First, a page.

Posted on February 25, 2017, by Travis Pulver
Oklahoma Sooners head coach Bob Stoops suddenly finds himself in a position he really didn’t want to be in, and thanks to a player he didn’t expect would put him there. He may have to prove he isn’t all talk. He may have to show that he is serious about discipline and that it doesn’t matter who the player is. You screw up, you pay the price.
Yes, even if you are a Heisman Trophy finalist and next year’s Heisman front-runner Baker Mayfield.
The superstar quarterback surprised the world when he said he was returning to Oklahoma for his senior season. But not quite as much as when the news broke about his arrest Saturday morning for public intoxication, disorderly conduct, fleeing and resisting arrest.
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According to several reports, the whole mess went down in the early morning hours in Fayetteville, Arkansas. A police officer had been flagged down to take an assault and battery report. The person that flagged the officer down was yelling at Mayfield who was clearly intoxicated, had trouble navigating some stairs, and had food all down the front of his shirt.
Mayfield tried to tell the officer he had been trying to break up a fight. The officer asked Mayfield to hold on while he took a statement from the person that had flagged him down. Mayfield began yelling obscenities. When the officer asked Mayfield to come here, he decided to ignore him and walk away.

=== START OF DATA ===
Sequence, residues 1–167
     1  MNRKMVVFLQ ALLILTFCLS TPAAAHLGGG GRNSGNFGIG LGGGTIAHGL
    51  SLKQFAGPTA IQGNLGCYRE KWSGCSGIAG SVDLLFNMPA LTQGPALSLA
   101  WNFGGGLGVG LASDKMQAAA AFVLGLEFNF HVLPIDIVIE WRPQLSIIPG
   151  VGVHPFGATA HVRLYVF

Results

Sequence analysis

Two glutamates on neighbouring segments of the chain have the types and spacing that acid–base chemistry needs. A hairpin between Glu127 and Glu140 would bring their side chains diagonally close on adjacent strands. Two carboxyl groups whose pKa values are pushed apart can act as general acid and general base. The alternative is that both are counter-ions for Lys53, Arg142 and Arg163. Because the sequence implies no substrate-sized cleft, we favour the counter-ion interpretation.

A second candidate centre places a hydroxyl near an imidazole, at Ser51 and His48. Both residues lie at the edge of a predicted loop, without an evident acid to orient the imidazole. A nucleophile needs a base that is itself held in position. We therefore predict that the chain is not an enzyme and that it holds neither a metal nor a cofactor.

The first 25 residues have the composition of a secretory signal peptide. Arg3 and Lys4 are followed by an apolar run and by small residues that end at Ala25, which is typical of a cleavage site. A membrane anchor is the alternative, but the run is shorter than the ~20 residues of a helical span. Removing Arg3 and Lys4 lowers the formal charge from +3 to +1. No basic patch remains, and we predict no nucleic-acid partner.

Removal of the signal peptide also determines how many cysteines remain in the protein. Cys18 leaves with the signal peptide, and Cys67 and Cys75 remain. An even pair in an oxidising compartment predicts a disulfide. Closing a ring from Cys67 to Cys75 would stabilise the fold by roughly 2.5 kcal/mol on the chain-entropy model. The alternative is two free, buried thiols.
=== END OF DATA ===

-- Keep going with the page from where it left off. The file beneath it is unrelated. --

When he began to sprint, the officer caught up, tackled him, and placed him under arrest. He was released late Saturday morning and will have his first hearing Monday morning. More details are expected to be released as the case continues.
Officials from Oklahoma have said what one would expect at this stage: We are aware of the matter and are gathering details.
Even if the charges are ultimately dropped, there were still be an expectation that the Sooners punish Mayfield in some fashion after the disastrous way the Joe Mixon situation was handled. The two situations are entirely different, of course. But since the general perception is that the team and University were way too lenient on Mixon, there will be a lot of interest in how they respond to Mayfield’s transgressions.
However, even if people want the book thrown at Mayfield, University policy does not require them too. Assuming this is only Mayfield’s first strike, the punishment is already spelled out:
- Parent/Guardian notification via return receipt certified mail
- $75.00 administrative fee
- Satisfactorily complete a defined alcohol education program
- The notation of Censure shall be removed upon graduation from the University of Oklahoma subject to completion of disciplinary sanctions.
Stoops could impose sanctions of his own if he wants to. He has been blasted for not being tougher on Joe Mixon, so it will be interesting to see how he handles Mayfield. Does he suspend his superstar quarterback for a game or two and kill his Heisman chances before he steps on the field? Should they risk losing games and killing their championship hopes? Does he discipline without worry or concern of how it may affect the football team (and his job)?
Or does he do nothing and hope that someone else’s superstar screws up and takes over the media’s focus?